Russell Blackford thought we were getting into dangerous territory trying to teach children ‘values’ at school. The government has a responsibility to teach children the ‘values’ of being good citizens, but not of being good people.
A burning question was, don’t parents have a right to freedom of religion? Yes, they have the right to educate their own children about their religion in their own home and church/temple/mosque/synagogue. It was argued that the UNHCR right of freedom of religion does not mean that a religious education has to be delivered by a school, and certainly not at the expense of taxpayers.
It was an excellent and thought-provoking discussion. The only frustration for me was that despite the panel’s determination that ‘something’ needed to be done and that apathy was our worst enemy, there was no suggestion (at least while I was there) as to how this strategy might be implemented or by whom.
I understand the discussion will continue on Russell’s Metamagician and the Hellfire Club blog if you want to join in.
After the discussion it was great to catch up with some old pals.
I hadn’t seen Warren Bonett and Kirsty Bruce, proprietors of Embiggen Books, since they left the Sunshine Coast, so it was a lovely reunion. Both, of course, were working so there was limited time, but Kirsty and I managed to sit and hold hands and squeeze a three hour discussion into the space of five minutes (a particularly female talent, I think!).
It was great to meet Bruce Everett of the excellent Rousing Departures blog in person (one generally only sees half his face in his icon!). I got a massive hug from the beautiful and talented Geoff Cowan – a brilliant photographer and passionate skeptic. I also got to meet Facebook friend, Alice Knight, for a quick but intense discussion on abortion. Val Lewis from the Sunshine Coast Atheists was there, but I didn’t get a chance to catch up with her. I also missed saying hello to Colin Kline.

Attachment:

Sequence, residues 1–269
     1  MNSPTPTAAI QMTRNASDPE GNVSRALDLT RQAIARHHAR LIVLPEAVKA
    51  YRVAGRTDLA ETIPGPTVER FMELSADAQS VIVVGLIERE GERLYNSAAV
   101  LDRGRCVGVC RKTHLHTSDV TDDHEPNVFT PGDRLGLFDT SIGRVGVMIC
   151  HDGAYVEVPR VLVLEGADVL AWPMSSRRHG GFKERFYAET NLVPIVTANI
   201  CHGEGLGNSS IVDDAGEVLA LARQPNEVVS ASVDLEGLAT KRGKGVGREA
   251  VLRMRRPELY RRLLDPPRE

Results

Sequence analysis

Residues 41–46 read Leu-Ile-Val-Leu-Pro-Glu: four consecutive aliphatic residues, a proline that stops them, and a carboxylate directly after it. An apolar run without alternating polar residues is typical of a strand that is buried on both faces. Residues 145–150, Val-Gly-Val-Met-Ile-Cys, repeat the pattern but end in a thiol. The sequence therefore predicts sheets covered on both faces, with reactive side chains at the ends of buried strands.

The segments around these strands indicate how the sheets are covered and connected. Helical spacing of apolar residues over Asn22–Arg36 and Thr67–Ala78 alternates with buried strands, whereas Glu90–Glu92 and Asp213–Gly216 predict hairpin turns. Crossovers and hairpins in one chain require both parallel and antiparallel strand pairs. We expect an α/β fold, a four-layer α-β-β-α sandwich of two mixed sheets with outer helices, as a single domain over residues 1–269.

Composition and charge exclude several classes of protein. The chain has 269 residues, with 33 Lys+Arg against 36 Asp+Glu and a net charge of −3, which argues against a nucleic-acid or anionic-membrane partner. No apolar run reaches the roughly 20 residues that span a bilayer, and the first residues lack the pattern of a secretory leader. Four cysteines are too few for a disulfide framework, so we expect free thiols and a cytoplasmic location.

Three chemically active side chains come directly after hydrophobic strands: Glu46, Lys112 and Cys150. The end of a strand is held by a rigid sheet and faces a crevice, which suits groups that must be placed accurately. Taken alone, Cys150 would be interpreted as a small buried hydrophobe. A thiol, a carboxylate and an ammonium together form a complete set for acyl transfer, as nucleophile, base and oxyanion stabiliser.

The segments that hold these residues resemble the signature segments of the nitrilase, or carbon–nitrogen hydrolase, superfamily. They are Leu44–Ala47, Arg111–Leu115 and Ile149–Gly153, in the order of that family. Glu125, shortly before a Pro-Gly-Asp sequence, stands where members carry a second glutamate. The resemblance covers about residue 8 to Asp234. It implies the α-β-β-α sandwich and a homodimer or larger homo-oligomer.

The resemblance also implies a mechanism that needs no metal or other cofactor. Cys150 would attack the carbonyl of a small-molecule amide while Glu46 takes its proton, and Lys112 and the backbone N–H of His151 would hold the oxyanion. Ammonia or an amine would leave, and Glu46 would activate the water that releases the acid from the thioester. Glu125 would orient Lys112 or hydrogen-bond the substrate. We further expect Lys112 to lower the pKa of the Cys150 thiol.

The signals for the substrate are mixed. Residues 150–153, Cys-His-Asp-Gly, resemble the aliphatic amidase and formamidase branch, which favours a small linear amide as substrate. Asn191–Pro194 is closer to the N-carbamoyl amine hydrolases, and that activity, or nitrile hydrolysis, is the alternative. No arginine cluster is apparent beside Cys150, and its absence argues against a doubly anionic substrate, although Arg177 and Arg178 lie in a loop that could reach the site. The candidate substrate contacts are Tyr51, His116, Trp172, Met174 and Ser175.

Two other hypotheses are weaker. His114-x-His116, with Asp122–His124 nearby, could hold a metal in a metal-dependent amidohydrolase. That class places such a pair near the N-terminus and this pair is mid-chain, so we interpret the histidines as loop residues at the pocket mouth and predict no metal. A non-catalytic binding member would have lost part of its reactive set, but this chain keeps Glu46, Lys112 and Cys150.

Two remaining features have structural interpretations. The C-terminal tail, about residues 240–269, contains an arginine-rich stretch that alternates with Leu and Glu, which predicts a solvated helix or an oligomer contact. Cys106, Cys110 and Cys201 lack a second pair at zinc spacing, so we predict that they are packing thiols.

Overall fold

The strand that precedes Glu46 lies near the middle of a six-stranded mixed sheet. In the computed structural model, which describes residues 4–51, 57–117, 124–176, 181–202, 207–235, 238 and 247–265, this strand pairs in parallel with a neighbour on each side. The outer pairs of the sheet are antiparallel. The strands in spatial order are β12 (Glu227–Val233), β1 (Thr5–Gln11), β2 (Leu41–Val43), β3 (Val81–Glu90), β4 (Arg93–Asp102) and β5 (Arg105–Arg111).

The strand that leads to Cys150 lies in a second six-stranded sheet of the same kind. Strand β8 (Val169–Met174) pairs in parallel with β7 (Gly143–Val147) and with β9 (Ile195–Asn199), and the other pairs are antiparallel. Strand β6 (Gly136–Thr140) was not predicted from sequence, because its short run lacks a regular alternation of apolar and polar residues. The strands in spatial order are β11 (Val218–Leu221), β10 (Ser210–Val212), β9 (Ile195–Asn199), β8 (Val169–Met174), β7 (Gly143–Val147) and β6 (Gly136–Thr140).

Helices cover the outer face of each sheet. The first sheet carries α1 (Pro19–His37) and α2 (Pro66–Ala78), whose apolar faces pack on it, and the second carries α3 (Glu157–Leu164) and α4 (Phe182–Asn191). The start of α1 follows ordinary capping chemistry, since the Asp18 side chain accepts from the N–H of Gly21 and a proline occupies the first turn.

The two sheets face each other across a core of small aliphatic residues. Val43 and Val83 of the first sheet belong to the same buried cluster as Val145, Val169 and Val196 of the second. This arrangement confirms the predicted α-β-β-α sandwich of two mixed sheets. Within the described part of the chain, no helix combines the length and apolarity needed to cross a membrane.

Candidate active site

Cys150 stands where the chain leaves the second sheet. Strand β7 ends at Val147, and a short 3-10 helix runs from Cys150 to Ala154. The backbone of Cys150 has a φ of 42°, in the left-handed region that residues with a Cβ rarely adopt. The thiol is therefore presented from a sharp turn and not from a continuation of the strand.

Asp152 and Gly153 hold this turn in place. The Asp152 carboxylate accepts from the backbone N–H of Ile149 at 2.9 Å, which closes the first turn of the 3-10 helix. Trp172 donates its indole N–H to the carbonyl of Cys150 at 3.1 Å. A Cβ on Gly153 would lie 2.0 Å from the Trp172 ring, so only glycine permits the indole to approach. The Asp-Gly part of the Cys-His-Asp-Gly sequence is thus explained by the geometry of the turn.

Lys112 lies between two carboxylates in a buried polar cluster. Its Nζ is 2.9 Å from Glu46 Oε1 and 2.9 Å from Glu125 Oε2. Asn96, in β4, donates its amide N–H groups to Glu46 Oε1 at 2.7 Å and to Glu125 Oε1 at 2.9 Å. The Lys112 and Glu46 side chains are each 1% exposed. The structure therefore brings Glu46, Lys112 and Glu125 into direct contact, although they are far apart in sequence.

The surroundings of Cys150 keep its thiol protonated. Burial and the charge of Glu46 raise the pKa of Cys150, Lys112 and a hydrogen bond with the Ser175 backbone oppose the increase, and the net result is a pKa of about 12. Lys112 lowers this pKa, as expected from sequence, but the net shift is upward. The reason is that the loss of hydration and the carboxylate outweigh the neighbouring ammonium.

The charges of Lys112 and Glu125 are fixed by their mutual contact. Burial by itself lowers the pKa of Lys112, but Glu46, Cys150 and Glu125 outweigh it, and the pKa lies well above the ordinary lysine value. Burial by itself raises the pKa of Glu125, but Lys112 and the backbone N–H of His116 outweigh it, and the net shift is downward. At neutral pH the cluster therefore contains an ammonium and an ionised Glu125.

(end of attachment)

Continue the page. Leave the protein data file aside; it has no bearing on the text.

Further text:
I met Steve Payne (@twinarp) at TAM (the Australian Skeptics meeting) in Sydney and we were keen to reprise the excellent dinner we’d had there. So, after Embiggen we snuck off, with Nick Andrew (@elronxenu), to a brilliant little Mexican Restaurant called Mamasitas. Steve promised their barbecued corn was better than crack, and it was. Sweet and tender and rolled in chipotle mayonnaise and cheese, then sprinkled with paprika and lime juice, I may be persuaded to commit immoral acts to raise the price of having more, more more! Tiny, tasty tacos followed and then hot as hades tortillas. An absolute taste sensation. If you’re in Melbourne, I can highly recommend it – although you may have to wait for a table, it was hellishly busy and very, very noisy!
And now, it’s Friday morning and the GAC starts in earnest tonight. I’m still in my pyjamas, but outside, Melbourne is bright and crisp and clear and the day is full of promise. My coffee and danishes have just arrived, I have some ironing to do, and then its off to the Waterside Hotel on Flinders Street for the Secular Party lunch at 12.00pm. Looking forward to catching up with Margaret Morgan and Robert Tobin there and, later, David Leaf of Dying with Dignity NSW. I’m also hoping to collect a long-promised hug from Mitch Sullivan (@MitchSully) later today! Of course, I also have to track down those two reprobates, Gregory Storer and Michael Barnett who seem to think I’m in Melbourne to re-enact some kind of Carrie Bradshaw ‘Sex in the City’ scenario. If only!
Tonight is registration and the official opening and then we are on the full convention roller coaster and there’s no getting off until Sunday. No time for sex, people, we’re heathens!
I’ll try to keep you informed whenever I get a spare moment – probably between the hours of midnight and dawn!